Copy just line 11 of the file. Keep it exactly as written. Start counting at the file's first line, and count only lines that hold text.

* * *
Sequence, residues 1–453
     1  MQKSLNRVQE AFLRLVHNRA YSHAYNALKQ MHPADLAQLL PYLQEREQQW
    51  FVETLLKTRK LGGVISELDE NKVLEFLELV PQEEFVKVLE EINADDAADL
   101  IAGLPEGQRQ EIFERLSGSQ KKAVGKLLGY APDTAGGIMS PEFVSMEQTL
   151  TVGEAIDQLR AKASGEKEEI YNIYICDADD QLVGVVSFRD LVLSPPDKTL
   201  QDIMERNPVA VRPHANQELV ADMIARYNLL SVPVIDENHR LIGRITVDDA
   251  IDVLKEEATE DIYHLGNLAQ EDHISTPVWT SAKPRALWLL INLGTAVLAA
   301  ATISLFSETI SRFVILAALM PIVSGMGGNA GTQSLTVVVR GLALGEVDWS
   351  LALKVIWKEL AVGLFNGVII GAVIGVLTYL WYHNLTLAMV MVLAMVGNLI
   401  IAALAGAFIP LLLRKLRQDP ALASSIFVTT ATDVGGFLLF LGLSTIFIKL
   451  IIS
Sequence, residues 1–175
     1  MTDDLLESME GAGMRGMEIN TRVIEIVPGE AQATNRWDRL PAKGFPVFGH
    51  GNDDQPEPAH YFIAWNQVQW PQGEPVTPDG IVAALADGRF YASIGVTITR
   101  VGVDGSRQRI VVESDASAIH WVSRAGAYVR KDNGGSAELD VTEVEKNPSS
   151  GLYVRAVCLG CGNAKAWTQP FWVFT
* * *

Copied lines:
   451  IIS